Bizarre Marriage or Divorce Laws in Your State?

Since marriage and divorce law is left to each state’s government, rather than to the federal government, strange – and even unsettling – laws exist on the books regarding the joining of two people and the subsequent dissolution of a marriage. I’ve compiled some of the most bizarre marriage and divorce laws in a number of states so you can have a better idea of the dos and don’ts in the state where you chose to say “I Do” or “I Don’t.”

Kentucky: Third time better be the charm, especially when it comes to marriage. You can marry, divorce, marry, divorce, marry, divorce – but that’s the end of the line for (the same?) two people in Kentucky. In Kentucky, it is illegal to marry the same person for the fourth time.

Hawaii, Illinois, Mississippi, New Hampshire, New Mexico, North Carolina, South Dakota, and Utah: Mistresses beware: a spouse can sue a third-party who is found guilty of contributing to the failure of a marriage in these states.

Delaware: If you entered into marriage too hastily in Delaware, blame it on a good old-fashioned game of truth or dare. A couple can file an annulment if they wed as a “dare” or “jest.”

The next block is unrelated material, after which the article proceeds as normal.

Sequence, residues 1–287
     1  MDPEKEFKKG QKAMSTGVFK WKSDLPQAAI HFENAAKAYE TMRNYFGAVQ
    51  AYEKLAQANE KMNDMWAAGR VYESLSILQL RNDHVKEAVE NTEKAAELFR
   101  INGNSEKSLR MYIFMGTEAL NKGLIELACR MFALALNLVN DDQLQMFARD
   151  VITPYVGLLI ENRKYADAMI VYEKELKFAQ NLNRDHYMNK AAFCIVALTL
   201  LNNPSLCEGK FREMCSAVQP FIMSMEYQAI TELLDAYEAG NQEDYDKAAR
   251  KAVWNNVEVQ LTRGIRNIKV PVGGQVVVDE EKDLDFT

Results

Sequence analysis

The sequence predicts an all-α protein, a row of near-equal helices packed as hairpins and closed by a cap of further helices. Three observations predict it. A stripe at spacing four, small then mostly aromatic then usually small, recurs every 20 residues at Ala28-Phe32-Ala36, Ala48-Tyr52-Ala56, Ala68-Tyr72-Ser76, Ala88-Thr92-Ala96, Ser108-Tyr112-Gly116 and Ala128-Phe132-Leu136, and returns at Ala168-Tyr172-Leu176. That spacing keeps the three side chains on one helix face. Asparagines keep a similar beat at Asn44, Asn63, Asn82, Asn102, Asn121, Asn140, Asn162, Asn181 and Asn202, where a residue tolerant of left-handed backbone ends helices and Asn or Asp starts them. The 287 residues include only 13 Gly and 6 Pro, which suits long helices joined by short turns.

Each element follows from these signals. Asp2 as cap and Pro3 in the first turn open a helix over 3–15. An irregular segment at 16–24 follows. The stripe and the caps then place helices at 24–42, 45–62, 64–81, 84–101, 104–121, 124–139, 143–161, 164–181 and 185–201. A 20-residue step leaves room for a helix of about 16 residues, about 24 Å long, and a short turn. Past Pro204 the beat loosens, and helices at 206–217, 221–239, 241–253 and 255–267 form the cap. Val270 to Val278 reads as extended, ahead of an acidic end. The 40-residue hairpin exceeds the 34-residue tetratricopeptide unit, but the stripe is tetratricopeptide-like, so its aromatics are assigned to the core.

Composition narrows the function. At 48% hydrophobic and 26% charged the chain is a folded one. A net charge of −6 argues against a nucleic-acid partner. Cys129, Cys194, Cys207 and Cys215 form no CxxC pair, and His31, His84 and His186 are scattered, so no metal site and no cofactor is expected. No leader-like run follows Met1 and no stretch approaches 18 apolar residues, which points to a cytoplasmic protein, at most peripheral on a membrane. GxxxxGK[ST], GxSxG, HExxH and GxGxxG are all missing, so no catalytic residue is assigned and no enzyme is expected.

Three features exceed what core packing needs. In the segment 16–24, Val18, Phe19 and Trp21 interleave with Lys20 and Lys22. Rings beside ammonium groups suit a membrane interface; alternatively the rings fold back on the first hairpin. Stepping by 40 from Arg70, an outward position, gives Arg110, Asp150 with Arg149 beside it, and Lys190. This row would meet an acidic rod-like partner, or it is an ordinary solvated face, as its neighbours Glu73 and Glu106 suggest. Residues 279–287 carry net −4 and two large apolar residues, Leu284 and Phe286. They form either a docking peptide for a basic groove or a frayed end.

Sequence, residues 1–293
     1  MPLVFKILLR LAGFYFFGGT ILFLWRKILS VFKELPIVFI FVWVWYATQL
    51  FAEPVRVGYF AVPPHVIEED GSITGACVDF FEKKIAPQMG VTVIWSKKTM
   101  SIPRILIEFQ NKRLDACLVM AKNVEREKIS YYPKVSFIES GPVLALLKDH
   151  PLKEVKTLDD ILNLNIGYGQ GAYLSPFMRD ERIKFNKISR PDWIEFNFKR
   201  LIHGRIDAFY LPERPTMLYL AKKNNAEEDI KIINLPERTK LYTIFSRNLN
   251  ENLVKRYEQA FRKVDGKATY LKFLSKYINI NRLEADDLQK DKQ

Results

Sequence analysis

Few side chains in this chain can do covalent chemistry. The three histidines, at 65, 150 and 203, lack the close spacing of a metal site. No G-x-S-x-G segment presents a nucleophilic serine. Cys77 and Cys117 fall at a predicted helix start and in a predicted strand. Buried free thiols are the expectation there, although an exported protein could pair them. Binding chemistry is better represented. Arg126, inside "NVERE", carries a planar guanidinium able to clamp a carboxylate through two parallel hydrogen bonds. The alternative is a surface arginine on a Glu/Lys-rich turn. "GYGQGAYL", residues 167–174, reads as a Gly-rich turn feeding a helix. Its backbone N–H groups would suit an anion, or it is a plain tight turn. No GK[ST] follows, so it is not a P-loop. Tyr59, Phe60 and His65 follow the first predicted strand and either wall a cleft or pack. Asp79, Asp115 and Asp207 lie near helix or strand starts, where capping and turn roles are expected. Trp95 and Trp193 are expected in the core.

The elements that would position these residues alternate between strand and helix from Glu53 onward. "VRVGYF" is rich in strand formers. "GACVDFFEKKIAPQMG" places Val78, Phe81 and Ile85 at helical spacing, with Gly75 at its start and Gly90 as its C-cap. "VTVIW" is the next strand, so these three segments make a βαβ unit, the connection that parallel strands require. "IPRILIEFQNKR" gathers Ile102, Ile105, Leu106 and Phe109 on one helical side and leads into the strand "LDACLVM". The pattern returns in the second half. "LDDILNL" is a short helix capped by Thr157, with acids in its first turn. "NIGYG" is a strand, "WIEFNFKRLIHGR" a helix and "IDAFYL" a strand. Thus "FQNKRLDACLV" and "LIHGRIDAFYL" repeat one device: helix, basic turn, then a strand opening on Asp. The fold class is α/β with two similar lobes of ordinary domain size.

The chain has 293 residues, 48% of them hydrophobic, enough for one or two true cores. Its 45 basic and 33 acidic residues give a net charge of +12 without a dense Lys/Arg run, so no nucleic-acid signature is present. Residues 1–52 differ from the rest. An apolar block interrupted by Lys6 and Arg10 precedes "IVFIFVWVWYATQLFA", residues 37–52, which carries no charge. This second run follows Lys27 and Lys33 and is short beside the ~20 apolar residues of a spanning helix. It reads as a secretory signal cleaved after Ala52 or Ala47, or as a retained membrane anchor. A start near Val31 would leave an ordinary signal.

New York: In the Empire State, if you earned a law degree, medical degree or another professional degree, the value of the degree is considered marital property. The spouse has to compensate for the degree or license’s earning potential when dividing property.

Also in New York, if one spouse develops a mental illness during the marriage and it continues for at least five years of the marriage, the other spouse may have to pay support indefinitely to treat the other’s illness.

Texas: Like gay marriage, gay divorce is also illegal in the Lone Star state. Even gay couples that married legally in a gay-friendly state are not allowed to obtain a divorce in Texas.

South Carolina – This no-nonsense state forbids any man over the age of 16 to propose with any false intentions. If he jokingly gets down on one knee, he’s committing a misdemeanor under the Offenses Against Morality and Decency Act.

Kansas: In Wichita, Kansas, a spouse will not be granted a divorce due to a lack of affection toward a mother-in-law.

mother in law

Whether it’s a law degree or your mother-in-law, whatever the obstacles that you’re facing with your divorce – we’re here for you.